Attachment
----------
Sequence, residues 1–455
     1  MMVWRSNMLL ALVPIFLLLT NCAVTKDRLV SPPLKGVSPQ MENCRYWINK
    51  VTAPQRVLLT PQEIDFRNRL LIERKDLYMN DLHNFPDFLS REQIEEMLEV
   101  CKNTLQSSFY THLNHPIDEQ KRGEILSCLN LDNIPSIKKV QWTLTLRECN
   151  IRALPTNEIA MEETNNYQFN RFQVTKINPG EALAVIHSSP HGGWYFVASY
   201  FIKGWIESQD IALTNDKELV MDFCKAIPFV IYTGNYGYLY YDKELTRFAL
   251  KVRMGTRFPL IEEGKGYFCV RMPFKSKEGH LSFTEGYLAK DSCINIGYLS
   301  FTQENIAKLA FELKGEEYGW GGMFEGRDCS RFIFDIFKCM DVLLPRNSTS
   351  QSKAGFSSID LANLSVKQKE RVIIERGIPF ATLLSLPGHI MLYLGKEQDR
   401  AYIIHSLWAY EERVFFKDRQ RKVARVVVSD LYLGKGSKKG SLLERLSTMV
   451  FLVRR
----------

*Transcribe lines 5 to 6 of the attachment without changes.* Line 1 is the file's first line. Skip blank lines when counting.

   151  IRALPTNEIA MEETNNYQFN RFQVTKINPG EALAVIHSSP HGGWYFVASY
   201  FIKGWIESQD IALTNDKELV MDFCKAIPFV IYTGNYGYLY YDKELTRFAL